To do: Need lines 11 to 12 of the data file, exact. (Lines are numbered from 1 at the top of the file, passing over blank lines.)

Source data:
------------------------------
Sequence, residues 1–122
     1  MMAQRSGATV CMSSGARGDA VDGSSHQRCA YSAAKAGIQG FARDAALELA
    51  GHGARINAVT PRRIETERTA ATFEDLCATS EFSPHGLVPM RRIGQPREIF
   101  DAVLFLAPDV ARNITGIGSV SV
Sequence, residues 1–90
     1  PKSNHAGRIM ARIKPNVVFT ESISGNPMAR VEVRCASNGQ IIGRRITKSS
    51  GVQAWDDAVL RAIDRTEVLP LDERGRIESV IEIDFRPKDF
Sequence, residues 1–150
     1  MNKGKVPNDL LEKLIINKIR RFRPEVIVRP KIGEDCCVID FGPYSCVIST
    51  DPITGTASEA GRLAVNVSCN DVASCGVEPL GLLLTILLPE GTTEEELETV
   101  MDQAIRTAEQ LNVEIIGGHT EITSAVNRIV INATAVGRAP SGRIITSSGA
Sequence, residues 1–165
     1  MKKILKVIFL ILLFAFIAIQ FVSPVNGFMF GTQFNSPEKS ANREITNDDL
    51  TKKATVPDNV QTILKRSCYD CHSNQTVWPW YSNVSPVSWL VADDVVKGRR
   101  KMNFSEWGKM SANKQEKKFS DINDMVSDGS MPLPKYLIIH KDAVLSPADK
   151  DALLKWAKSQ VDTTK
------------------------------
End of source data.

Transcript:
   101  MDQAIRTAEQ LNVEIIGGHT EITSAVNRIV INATAVGRAP SGRIITSSGA
Sequence, residues 1–165